South Africans producing major talent like never before

By Damon HackOctober 9, 2012, 8:37 pm

Johann Rupert was somewhere in the Greek Isles when I heard his voice for the first time.

I’d sent him an email after Louis Oosthuizen’s runner-up finish at the Masters, looking for context in what has become a renaissance in South African golf.

Rupert is the chairman of the South Africa-based Sunshine Tour. He has known Oosthuizen and Charl Schwartzel since they were teenagers. When Ernie Els was inducted into the World Golf Hall of Fame last year, Rupert presented him.

Rupert picked up his phone. I could tell instantly that he appreciated my interest in his homeland.

“I really think you should come down and have a look at how people can produce kids that are hungry enough to win major championships,” Rupert said. “Unless you visit with us, you wouldn’t understand.”

Then, after a brief discussion of Louis and all the rest, Rupert said something else: “There are more guys coming.”

I thought about Rupert on Sunday when 24-year-old South African Branden Grace was walking the Old Course at St. Andrews on the way to his fourth victory on the European Tour in the Alfred Dunhill Links Championship. “Look at that swing,” I thought. “Great balance.”

What was it that Rupert had said?

“There are more guys coming.”

It has been a remarkable run for South African golf and it is poised to continue. The United States has deeper talent and Northern Ireland has the best player in golf (plus its own spate of major winners) but South Africa’s pipeline is humming with sweet-swinging, long-hitting prodigies.

But why South Africa?

“One thing about South Africa is their amateurs play a full year in great weather,” said Pete Cowen, who teaches Oosthuizen. “In Europe, amateur golf is six months.”

But weather is only one factor. Why do Ernie, Louis and Charl, for example, have swings that are the envy of golf?

“Mr. Hogan said you dig it out of the dirt,” Rupert explained.

Asked about the aesthetics of his swing, Oosthuizen said he really didn’t know, though he offered that growing up and playing all over South Africa made him confident that his game could travel.

“Obviously, Louis has talent that allows him to do what you see there,” Cowen said. “He has put in a lot of hard work in it, getting more stability in his lower body and stability at the top of the swing. He is the complete picture of piecing a swing together. It’s taken him a long time to get to that.”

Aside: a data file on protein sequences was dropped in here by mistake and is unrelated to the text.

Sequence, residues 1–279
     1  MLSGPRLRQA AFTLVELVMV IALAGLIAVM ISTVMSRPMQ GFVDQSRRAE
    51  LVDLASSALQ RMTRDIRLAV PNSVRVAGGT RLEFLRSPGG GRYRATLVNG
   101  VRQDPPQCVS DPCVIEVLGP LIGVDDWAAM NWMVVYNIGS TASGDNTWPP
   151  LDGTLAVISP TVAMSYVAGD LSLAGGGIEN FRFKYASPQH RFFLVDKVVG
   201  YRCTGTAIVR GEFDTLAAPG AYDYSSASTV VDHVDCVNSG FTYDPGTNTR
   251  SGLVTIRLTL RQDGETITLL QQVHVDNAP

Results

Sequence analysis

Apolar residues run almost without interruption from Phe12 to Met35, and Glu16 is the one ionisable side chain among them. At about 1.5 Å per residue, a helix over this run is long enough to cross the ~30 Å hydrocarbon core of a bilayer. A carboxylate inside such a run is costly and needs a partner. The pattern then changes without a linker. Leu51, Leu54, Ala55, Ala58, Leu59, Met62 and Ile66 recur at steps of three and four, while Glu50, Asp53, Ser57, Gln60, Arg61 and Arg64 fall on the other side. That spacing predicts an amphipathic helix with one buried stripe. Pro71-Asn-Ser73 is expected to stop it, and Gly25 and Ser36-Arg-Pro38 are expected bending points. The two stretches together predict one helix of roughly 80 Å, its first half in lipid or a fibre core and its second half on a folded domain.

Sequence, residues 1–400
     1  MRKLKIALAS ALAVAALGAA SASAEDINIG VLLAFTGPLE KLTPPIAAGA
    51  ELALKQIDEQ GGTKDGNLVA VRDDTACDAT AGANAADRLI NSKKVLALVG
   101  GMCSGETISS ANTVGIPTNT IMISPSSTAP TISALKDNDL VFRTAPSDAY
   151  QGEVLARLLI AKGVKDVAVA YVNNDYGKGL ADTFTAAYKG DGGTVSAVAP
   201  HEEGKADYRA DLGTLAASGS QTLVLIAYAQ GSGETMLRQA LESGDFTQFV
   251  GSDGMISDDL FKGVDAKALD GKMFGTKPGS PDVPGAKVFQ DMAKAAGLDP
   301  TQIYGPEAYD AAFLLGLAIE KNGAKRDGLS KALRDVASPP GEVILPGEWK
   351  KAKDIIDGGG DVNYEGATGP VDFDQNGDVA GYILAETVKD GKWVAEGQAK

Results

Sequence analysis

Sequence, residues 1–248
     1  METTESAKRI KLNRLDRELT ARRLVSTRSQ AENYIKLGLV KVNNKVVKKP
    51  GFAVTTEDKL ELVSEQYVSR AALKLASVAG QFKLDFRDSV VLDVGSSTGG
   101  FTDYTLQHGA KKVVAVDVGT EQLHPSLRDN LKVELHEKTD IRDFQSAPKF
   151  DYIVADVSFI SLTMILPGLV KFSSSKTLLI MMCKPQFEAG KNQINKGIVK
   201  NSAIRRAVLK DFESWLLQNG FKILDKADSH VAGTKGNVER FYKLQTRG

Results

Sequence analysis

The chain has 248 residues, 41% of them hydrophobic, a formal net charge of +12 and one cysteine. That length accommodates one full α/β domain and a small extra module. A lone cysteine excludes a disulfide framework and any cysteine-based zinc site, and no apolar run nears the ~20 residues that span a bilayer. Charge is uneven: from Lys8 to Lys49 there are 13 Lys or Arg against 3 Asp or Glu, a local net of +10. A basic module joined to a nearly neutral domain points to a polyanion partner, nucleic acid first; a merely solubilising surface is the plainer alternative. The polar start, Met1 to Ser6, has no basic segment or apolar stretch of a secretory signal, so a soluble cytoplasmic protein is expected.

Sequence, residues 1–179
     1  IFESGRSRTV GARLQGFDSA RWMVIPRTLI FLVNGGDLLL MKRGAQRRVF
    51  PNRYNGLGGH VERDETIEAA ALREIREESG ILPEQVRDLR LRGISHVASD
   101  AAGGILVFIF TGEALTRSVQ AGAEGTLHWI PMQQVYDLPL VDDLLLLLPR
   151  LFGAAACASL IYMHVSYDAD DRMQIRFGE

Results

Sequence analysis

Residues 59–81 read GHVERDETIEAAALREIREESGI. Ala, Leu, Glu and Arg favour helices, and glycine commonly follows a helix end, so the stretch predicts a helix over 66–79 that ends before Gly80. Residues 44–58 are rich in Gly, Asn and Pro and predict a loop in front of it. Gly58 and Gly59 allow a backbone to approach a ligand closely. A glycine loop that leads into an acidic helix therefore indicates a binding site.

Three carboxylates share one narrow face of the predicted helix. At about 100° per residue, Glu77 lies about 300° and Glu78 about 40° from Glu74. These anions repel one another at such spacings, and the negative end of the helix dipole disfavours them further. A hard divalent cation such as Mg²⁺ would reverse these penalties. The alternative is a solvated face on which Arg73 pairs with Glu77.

Even beyond technique and instruction one of the country’s greatest assets could be its mentoring. The kinship between generations of South African players is as strong as it is in anywhere and it comes in forms both large and small.

On the Saturday evening of the 2008 Masters, Trevor Immelman received a voicemail message from South African legend Gary Player, telling Immelman that he believed in him and that he needed to believe in himself to win a green jacket.

“And he told me I’ve got to keep my head a little quieter when I putt,” Immelman said back then with a chuckle. “He said I’m just peeking too soon.”

After winning the Masters the next day, Immelman told the story of meeting Player when he was 5 years old. He remembered Player picking him and placing him on his shoulders.

In recent years, Els has picked up Player’s mantle, serving as a mentor and inspiration to the generation following him. His Ernie Els & Fancourt Foundation has become a conveyer belt for South African golfing talent.

Els remembers hearing about Oosthuizen when he was a teenager, a kid “playing in a dust bowl of a golf course and shooting low.”

Oosthuizen applied and was accepted to the foundation, removing a large financial burden from his parents and setting into motion a career that has an Open Championship and Masters runner-up already. (Grace also came through Els’ foundation).

Els takes great pride in his foundation and the players who come through, so much so that he can be tough on his protégés when necessary.

When Els and Oosthuizen were in the field at the Byron Nelson Championship, Els freely shared what kind of advice he gives to Oosthuizen, including the occasional kick in the pants. “I’d like to see him get a little more fire,” Els said. “He has to be mentally strong and have a purpose.”

Two months later, Els won his fourth major championship at Lytham. Last weekend, Grace won his fourth European Tour title. There are more guys coming.

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Match-by-match: 2018 WGC-Dell Technologies, Day 1

By Will GrayMarch 21, 2018, 6:32 pm

Here is how things played out on Day 1 of the WGC-Dell Technologies Match Play, as 64 players take on Austin Country Club with hopes of advancing out of pool play:

Group 15: (15) Pat Perez vs. (50) Si Woo Kim, halved: The first match of the day ended up in a draw, as the top seed rallied from a deficit to salvage half a point. Kim won three of the first six holes and held a 3-up lead with seven holes to go, but Perez fought back with four birdies over the next six holes to draw even.

Group 15: (24) Gary Woodland vs. (37) Webb Simpson, halved: This group remains entirely up for grabs since nothing was decided on the opening day. Woodland took a 3-up lead at the turn, but Simpson rallied by winning four of the next seven holes, including a birdie on No. 17 that brought him back to all square for the first time since the third hole.

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Watch: Thomas saves par from impossible position

By Golf Channel DigitalMarch 21, 2018, 5:18 pm

Luke List was just hoping for an opening in his Day 1 match against Justin Thomas at the WGC-Dell Technologies Match Play.

Thomas cracked the door on the par-4 ninth, but then quickly slammed it shut. Thomas, 3 up through eight holes, was in terrible shape after two shots at No. 9. But his third shot was a beauty, and a heartbreaker for List.

Thomas made the putt to halve the hole and make the turn 3 up.

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LPGA's new Q-Series to offer deferrals for amateurs

By Randall MellMarch 21, 2018, 4:36 pm

The LPGA’s new Q-Series, which takes the place of the final stage of Q-School beginning this year, will come with a revolutionary new twist for amateurs.